In my case over the course of over a decade with this diagnosis and probably 20 different prescribers, at least, I was put on and taken off of drugs in all of these categories. Drugs started, drugs stopped, drugs changed (switching from generic to non generic, as when Latuda came out I was put on that at the insistence of the prescriber, and taken off Abilify).
    To realize the truth behind all this drugging, and in fact the truth behind the diagnosis itself, after all this time and all this loss is definitely, well, a hard pill to swallow.

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    • Katel, I don’t think it matters what diagnosis they give you. They just use the diagnosis as justification for all the psych pills. They did similar stuff to me until my body and brain rebelled and I became semi-comatose and could not be awakened. Before that happened, they could not figure out what was wrong with me. What was wrong with me was all those evil drugs they were giving and I, although I wasn’t aware of it, was giving out signals that my body and brain were done with the drugs. Of course, they ignored it until that nearly comatose incident which put me in the hospital and they still denied what was happening. Of course, it still took me two more years until I finally got to the point that I could no longer swallow any pills. Still, they tried, but I left them for good. My desire to live was much stronger than their evil drugs and therapies. I just wish others would listen to stories like mine and not be swept in psych world’s propaganda which has seeped too much into the mainstream. I saw a tshirt on tv that said, “Fight the Stigma.” I would like to see a tshirt that says something like, “Stigma Saves Your Life. Embrace the Stigma!” Thank you.

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        • Yes, you are right; but there are more involved in this deceptive hyprocrisy than just psychiatrists.. Let’s see: There’s Big Pharma, Mainstream Media, Government and Legal Sources, the psychiatrist little helpers, therapists, in some areas, health prescribers, health insurance, blah, blah, blah, etc. etc. etc. It’s going to take a super large shirt to list all who are involved. There are a lot of people out there doing the “stigmatizing.” Oh and I forgot groups like “NAMI” and others. Evil is as Evil does. I am open to a good tshirt message that makes people think before they make that appointment at their local mental health clinic or before they take that next pill. Thank you.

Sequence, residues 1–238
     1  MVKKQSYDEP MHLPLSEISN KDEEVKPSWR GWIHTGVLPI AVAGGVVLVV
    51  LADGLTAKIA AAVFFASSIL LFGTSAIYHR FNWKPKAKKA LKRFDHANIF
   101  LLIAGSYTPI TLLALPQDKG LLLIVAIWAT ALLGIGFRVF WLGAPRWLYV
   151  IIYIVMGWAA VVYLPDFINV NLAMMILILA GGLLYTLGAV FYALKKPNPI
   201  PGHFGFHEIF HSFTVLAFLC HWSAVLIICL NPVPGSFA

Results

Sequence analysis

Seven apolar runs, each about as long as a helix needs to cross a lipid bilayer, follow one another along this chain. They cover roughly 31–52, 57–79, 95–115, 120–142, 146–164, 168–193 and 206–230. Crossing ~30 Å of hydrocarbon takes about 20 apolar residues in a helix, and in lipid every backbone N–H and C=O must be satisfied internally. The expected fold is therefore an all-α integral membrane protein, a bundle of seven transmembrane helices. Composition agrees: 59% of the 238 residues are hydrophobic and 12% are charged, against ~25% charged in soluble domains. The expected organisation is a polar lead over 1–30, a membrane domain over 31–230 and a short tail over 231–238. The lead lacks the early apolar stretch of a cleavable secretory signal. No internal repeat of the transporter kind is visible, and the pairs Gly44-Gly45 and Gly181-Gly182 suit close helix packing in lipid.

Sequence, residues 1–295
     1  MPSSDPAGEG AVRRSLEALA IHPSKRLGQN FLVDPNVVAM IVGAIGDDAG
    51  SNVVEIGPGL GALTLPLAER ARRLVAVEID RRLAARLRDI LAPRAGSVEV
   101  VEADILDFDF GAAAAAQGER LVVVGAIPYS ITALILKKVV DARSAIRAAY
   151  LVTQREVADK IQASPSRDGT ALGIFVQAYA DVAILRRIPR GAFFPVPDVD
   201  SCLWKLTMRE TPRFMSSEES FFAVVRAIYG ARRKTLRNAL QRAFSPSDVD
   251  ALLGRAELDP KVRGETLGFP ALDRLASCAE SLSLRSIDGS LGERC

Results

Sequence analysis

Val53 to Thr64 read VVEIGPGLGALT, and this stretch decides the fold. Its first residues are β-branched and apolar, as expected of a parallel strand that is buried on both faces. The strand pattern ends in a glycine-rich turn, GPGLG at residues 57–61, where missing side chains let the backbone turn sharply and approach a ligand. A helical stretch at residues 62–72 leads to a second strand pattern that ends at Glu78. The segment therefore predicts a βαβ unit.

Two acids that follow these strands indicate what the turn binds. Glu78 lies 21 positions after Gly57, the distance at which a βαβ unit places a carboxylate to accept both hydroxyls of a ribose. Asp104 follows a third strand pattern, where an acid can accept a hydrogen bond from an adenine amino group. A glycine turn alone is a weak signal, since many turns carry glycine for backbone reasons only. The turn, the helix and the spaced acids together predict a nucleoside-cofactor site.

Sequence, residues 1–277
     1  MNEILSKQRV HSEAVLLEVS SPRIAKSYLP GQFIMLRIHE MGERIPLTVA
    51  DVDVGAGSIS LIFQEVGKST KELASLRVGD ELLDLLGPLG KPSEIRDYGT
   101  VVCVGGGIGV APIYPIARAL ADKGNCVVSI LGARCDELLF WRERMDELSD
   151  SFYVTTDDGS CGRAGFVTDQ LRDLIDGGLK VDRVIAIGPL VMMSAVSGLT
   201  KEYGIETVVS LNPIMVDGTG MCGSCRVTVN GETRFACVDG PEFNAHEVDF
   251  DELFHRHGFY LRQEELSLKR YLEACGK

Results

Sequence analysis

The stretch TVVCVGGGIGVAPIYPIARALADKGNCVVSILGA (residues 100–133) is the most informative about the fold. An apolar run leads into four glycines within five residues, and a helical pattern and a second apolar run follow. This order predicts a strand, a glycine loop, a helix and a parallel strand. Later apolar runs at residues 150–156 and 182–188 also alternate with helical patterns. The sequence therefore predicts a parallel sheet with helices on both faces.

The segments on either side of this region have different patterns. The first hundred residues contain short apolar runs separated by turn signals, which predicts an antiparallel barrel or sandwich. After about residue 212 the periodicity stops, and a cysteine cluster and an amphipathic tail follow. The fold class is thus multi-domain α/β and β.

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          • I agree. The news and entertainment media are also a HUGE part of why “everyone believes” in chemical imbalances, while even the most cynical psychiatrists nowadays have to admit it’s kind of a crock of horseshit. The message is out there in many forms, and I think a lot of people get their “Truth” from movies and TV shows. It is a lot to battle!

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      • rebel,
        I think you’re right about that. Whatever the diagnosis, the psychiatrists just drug, drug and drug some more. It’s so sad that you had to go through what you went through. It’s also inspiring though. It shows your body’s innate wisdom and your will to survive. I too wish that more people would listen to your story and the many stories on this website of people who have gone through harrowing experiences in the name of help. Since I discovered this website two or three years ago, I talk to anyone who will listen about it and I am always sending them links to the personal stories and the articles that back up what I’m always telling them about psychiatry and the mental health system. A lot of times I get replies suggesting that maybe I should start thinking about other things, start thinking happy thoughts, get over it, etc. Or sometimes I just get silence, and when I’m speaking to a person face to face telling them about the latest article or story I read on MIA, I get this sense that they wish I would just stop talking about it.
        You’re right, too, that if the stigma keeps people away from psychiatry it keeps them safe from psychiatry. Also, who created this stigma? I think Psychiatry and the mental health system in general plays a big part in perpetuating stigma. They need to convince the general public that there are people with a thing called mental illness and that those people need treatment although they probably don’t know it because they’re too mentally ill to realize they need treatment so it’s everyone’s job to make sure these people get treatment and get the help they need. It’s all part of their big gaslighting money making evil plot.